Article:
The insurance landscape for bioenergy plant owners has been rocky in recent years. Insurers’ unfamiliarity with these assets, combined with some eye-watering claims, has presented challenges in securing sufficient capacity to drive meaningful competition.
As a pleasant change we can offer some good news, particularly with reference to the business interruption (BI) risk. This coverage protects the insured from loss of revenue, profit or the increased cost of working incurred as a consequence of insured physical damage to the facility.
In a recent exercise we were engaged by a client to review the BI sum insured taken out for a mechanical biological treatment (MBT) plant. The original declaration by the insured was based on the full revenue for two years generated under a public private partnership (PPP) type contract for accepting waste from a local authority and it was to this figure that the insurer applied its rate to calculate the BI premium.
As a result of our analysis it became clear that this sum insured was overstated which resulted in the BI premium being unnecessarily inflated.
Our exercise assumed a significant loss scenario following which the plant would be unable to process incoming waste, although it could still be accepted from the authority. The operator had no option other than to redirect the waste, unprocessed, to landfill, incurring an additional landfill tax burden. Crucially, as the waste could still be accepted contractually, availability payments could continue. JLT developed a BI loss model that recognised the different parties involved and established the revenue impact and extra costs that could arise, mainly landfill tax costs.
In insurance terminology these items are normally labelled as ‘loss of gross revenue’ and ‘increased cost of working’. By finessing the declarations with this approach the value upon which the insurer’s rate was applied reduced by 49%. This was a welcome saving in a tight margin business with the added assurance of knowing the coverage was tailored to the specific BI exposures involved. The relatively modest consulting fee involved was regarded as money well spent.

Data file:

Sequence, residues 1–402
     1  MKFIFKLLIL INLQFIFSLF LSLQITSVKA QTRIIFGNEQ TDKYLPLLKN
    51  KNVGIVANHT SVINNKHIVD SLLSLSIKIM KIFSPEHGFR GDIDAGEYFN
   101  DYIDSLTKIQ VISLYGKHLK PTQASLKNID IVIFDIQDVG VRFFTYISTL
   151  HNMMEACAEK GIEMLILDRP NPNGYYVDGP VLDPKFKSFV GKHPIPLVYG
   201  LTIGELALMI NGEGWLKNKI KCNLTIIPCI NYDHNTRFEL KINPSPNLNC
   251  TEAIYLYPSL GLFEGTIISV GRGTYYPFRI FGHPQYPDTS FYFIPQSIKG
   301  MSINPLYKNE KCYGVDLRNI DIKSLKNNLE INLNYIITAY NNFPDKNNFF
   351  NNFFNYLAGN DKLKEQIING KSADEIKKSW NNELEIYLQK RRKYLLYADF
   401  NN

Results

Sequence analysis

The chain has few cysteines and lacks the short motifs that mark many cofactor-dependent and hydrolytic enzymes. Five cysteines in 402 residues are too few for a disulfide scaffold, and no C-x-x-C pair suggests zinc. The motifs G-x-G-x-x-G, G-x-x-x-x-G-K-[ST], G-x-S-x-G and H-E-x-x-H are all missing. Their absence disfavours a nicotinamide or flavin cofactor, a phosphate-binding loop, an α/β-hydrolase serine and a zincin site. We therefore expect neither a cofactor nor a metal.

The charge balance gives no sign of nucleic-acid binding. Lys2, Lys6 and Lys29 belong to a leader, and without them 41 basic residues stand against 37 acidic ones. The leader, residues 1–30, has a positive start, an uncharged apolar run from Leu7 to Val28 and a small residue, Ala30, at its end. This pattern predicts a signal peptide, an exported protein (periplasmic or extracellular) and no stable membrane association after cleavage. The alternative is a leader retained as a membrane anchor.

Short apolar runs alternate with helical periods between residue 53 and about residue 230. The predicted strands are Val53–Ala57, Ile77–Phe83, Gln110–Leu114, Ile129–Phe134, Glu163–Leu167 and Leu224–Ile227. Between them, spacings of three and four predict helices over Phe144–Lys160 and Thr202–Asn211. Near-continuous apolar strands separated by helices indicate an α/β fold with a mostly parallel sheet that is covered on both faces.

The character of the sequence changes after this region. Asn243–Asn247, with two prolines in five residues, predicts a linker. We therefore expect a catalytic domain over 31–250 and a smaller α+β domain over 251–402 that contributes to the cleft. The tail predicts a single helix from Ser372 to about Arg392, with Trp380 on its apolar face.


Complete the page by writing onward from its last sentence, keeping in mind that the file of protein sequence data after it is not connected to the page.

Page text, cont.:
The same logic could be applicable to any availability based waste contract, with even more mitigation opportunities for those operating multiple sites where any spare capacity can be used for transferred waste from the damaged plant.
However we would advise caution when reducing the level of cover purchased. JLT has seen a number of policies placed on a ‘gross profit’ basis. The insurance definition of gross profit differs from that typically used by accountants and this commonly leads to the insured’s claim not being paid in full. In addition, we have found on occasion that the insured’s sales and maintenance costs are not truly variable, i.e. not directly proportional to the period of the delay. In this case clients may find themselves underinsured.
For those plants that produce electricity, we are often asked whether the policy would acknowledge the TRIAD regime for energy supply. This is something of a grey area in insurance wordings; in particular, time deductibles can unintentionally eliminate this crucial revenue, so we always seek to include our own bespoke clause to ensure a happy outcome for our client should the worst ever happen.
For more information contact Paul Fenwick, Account Executive on +44 (0)20 7558 3411 or email email@example.com